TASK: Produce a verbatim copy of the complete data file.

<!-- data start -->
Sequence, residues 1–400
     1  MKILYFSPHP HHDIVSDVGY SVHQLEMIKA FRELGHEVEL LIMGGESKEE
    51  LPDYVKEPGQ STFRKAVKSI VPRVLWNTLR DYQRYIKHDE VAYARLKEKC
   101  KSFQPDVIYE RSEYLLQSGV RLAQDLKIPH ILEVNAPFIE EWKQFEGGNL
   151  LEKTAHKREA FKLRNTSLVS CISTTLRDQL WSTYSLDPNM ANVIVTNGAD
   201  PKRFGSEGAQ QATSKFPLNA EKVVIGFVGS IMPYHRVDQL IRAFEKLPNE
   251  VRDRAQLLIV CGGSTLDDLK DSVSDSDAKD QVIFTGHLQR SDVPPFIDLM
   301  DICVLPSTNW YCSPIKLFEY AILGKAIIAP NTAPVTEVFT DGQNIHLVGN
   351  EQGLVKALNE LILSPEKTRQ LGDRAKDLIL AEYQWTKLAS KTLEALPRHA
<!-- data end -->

Sequence, residues 1–400
     1  MKILYFSPHP HHDIVSDVGY SVHQLEMIKA FRELGHEVEL LIMGGESKEE
    51  LPDYVKEPGQ STFRKAVKSI VPRVLWNTLR DYQRYIKHDE VAYARLKEKC
   101  KSFQPDVIYE RSEYLLQSGV RLAQDLKIPH ILEVNAPFIE EWKQFEGGNL
   151  LEKTAHKREA FKLRNTSLVS CISTTLRDQL WSTYSLDPNM ANVIVTNGAD
   201  PKRFGSEGAQ QATSKFPLNA EKVVIGFVGS IMPYHRVDQL IRAFEKLPNE
   251  VRDRAQLLIV CGGSTLDDLK DSVSDSDAKD QVIFTGHLQR SDVPPFIDLM
   301  DICVLPSTNW YCSPIKLFEY AILGKAIIAP NTAPVTEVFT DGQNIHLVGN
   351  EQGLVKALNE LILSPEKTRQ LGDRAKDLIL AEYQWTKLAS KTLEALPRHA